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P177 Cardiorespiratory physiology remotely monitored via wearable wristband photoplethysmography: feasibility and initial benchmarking
  1. G Sneddon1,
  2. R van Mourik2,
  3. P Law2,
  4. O Dur2,
  5. D Lowe1,
  6. C Carlin1
  1. 1Queen Elizabeth University Hospital, Glasgow, UK
  2. 2Wavelet Health, Mountain View, USA


Background The ability to reliably remotely monitor physiological data including heart rate, respiratory rate and oxygen saturation in clinical scenarios such as in patients at risk for exacerbations of respiratory disease, patients at risk for progression to ventilatory failure and patients during home NIV setup would be of significant benefit. Advances in connected wearable device signal acquisition, data analysis and cloud-based computing make acquisition and real-time clinical monitoring of advanced biometric data a realistic prospect. The Wavelet photo-plethysmography (PPG) wristband and Wavelet health platform capture multiple physiological signals – an advance on activity and heart rate monitoring within standard wearable devices. These biometrics are surfaced via Bluetooth paired smartphone or tablet app for clinician review. Feasibility and benchmarking in the clinical environment is a necessary first step before testing the prospective value of these remote monitored wearable-derived physiology measurements.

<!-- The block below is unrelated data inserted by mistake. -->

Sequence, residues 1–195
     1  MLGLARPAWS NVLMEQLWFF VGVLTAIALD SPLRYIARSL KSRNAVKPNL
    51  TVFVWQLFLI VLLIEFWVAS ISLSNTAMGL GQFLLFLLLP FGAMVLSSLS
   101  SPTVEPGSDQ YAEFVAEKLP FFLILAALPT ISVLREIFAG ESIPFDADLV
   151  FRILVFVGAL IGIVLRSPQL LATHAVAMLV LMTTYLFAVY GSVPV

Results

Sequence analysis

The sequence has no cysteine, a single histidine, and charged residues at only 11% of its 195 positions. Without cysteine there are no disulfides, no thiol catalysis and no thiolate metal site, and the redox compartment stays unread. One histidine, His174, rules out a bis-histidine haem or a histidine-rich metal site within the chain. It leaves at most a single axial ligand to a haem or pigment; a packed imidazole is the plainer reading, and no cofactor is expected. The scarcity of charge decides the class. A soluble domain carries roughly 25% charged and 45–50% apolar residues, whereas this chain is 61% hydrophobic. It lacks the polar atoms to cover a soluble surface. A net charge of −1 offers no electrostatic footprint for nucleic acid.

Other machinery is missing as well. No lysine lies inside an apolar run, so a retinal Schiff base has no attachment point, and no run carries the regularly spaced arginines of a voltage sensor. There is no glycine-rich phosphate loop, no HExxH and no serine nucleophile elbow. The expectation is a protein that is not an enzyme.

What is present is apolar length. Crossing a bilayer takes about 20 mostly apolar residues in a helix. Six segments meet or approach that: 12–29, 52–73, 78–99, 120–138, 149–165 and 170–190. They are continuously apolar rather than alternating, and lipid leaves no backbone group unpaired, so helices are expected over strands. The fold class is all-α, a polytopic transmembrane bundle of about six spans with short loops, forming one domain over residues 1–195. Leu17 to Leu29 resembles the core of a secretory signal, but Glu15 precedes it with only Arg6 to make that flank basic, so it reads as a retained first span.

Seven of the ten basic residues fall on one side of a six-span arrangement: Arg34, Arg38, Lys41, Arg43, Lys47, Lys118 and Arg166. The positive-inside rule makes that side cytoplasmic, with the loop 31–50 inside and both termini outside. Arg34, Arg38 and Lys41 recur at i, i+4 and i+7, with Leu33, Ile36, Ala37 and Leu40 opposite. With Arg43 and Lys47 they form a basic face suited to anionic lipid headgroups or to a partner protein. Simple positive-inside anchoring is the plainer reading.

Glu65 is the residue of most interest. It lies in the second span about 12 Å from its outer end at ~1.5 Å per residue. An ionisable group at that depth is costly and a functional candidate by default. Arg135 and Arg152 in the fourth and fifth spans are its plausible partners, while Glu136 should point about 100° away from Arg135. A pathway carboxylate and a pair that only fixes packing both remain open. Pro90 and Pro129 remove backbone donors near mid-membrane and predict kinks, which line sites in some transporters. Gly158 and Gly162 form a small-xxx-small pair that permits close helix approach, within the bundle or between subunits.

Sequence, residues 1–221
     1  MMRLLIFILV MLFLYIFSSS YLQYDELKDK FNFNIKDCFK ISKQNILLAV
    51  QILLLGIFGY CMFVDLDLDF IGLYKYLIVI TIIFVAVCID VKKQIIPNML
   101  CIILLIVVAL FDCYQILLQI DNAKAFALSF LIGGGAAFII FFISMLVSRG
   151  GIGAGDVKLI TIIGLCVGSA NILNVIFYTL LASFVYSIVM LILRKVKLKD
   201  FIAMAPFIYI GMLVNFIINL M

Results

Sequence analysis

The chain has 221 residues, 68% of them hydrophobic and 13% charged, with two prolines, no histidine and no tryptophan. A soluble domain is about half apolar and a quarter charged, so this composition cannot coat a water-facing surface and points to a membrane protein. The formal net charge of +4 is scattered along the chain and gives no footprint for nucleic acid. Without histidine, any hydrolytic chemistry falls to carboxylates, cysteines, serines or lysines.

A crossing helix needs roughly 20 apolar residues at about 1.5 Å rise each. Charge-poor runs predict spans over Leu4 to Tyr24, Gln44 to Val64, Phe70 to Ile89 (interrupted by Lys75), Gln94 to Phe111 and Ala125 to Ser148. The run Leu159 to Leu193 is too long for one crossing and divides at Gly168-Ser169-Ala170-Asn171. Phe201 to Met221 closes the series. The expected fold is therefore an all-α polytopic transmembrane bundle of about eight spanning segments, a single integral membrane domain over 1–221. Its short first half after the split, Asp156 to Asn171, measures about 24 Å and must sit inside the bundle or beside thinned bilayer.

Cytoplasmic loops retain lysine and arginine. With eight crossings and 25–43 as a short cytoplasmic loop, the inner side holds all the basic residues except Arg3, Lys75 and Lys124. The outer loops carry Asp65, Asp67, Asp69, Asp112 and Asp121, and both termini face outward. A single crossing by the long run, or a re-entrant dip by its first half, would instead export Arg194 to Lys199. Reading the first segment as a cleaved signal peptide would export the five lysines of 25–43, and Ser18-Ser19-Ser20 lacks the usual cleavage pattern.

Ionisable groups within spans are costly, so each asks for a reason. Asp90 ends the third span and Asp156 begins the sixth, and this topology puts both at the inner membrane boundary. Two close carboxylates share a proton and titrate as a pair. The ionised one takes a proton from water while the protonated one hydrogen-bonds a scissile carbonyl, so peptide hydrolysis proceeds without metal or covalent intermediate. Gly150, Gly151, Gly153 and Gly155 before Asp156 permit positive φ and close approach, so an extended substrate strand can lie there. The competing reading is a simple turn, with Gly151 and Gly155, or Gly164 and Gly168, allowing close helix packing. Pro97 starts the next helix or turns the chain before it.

Methods Patient setup, wristband sampling rate options and comparison of Wavelet derived heart rate (HR), heart rate variability (HRV), respiratory rate (RR) and oxygen saturation (SpO2) measurements across multiple nights have so far been evaluated in 9 patients undergoing sleep studies and/or CPAP or NIV initiation. Wavelet data was compared with simultaneously acquired 1st night single lead ECG, finger-probe SpO2 (Somnomedics polysomnography, S-Med) and transcutaneous HR and SpO2 (TCM5, Radiometer) data.

Results Wavelet dashboard and device setup was straightforward, with reliable data acquisition. Patient feedback on device acceptability has been positive. There was an encouraging corroboration between Wavelet acquired HR, HRV, RR and SpO2 and simultaneous ECG lead, finger probe and transcutaneous diagnostic monitoring. Standard deviation of absolute deviation for Wavelet derived HR (0.91), RR (0.82) and SpO2 (1.41) is encouraging indication of device accuracy, mirroring other recently acquired data.1

Conclusions Feasibility and early accuracy data from the wearable PPG device and remote-monitoring platform is encouraging. These preliminary results suggest that this device may be suitable for prospective clinical trials, for example evaluating utility of wearable physiological monitoring in digitally-enabled preventative service models for respiratory disorders.


  1. Dur O, Rhoades C, Ng SMS, et al. Design rationale and performance evaluation of wavelet health wristband: Bench-top validation of a wrist-worn physiological signal recorder. JMIR Preprints 14 May 2018:11040. doi:10.2196/preprints.11040

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